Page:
Robert Davis Yancey in the Post-Civil War Era
Told by Rebecca Yancey Williams in "The Vanishing Virginian", pages 63,76-77, 128-129.
When my father [Robert Davis Yancey 1855-1931] was a boy there had been enough servants, who of course were never called slaves, to smooth out all the bumps of life for him. Even after the war, a good many of them stayed with Grandma and Grandpa. My father, therefore, grew up to think that life owed him a smooth road to travel. By the time Father got married, a number of these old colored people had gone to their reward, and he thought it was Mother's business to see that everything went along for him like oiled machinery.
. . . During it's early history, Lynchburg [Virginia], had been the largest dark-leaf tobacco market in the world, and so it made a comparatively quick recovery after the War Between the States. In fact, right after the war, my grandfather was not so totally poverty-stricken, as were most Southern people, since he was a lawyer, and his whole income had never been dependent upon a plantation. He was poor, of course. At that time, in the South, it was a disgrace for anyone to have money. It meant only one thing. But Grandpa, on account of his profession, was not absolutely cut loose from all moorings, and I suppose that is one reason why Father always took so much for granted. In a generation which was drenched in poverty, he had enjoyed some few ante-bellum luxuries.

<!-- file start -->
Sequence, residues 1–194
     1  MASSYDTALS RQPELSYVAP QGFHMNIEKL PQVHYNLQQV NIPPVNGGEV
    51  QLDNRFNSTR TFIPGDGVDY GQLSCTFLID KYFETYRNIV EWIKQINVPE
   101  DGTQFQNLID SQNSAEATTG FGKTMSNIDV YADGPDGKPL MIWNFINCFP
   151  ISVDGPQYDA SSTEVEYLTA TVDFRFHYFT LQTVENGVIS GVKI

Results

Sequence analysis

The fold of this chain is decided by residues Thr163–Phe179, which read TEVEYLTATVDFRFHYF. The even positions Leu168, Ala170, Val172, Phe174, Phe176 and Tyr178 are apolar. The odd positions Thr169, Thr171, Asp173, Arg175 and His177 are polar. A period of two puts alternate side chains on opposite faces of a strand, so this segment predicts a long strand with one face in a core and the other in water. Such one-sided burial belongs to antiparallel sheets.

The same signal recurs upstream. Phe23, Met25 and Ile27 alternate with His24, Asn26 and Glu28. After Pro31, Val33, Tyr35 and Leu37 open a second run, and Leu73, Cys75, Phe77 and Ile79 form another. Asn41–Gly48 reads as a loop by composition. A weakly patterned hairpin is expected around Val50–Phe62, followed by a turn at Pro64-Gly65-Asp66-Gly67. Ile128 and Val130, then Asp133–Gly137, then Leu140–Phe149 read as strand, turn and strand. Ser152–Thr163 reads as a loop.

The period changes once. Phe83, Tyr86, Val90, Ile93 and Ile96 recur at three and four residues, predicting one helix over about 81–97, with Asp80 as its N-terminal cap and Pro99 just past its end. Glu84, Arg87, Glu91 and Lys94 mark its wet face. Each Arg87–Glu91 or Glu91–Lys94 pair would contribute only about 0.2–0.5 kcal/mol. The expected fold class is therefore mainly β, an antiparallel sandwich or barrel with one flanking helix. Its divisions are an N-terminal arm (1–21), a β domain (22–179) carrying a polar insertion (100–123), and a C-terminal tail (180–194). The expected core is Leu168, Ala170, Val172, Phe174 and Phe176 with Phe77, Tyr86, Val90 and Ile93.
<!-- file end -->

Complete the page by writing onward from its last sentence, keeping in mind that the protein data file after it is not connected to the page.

It was only about ten years after General Lee's surrender at nearby Appotomax when Father went to the University of Virginia. Yet, even so soon after the war, he took with him his colored man, Sam. In those days the likes of Sam were called "body servants" and as far as I can make out from various conversations overheard, Sam's main duties were to take care of Father's clothes and horse and to steer him safely back to his room if he happened to get plastered.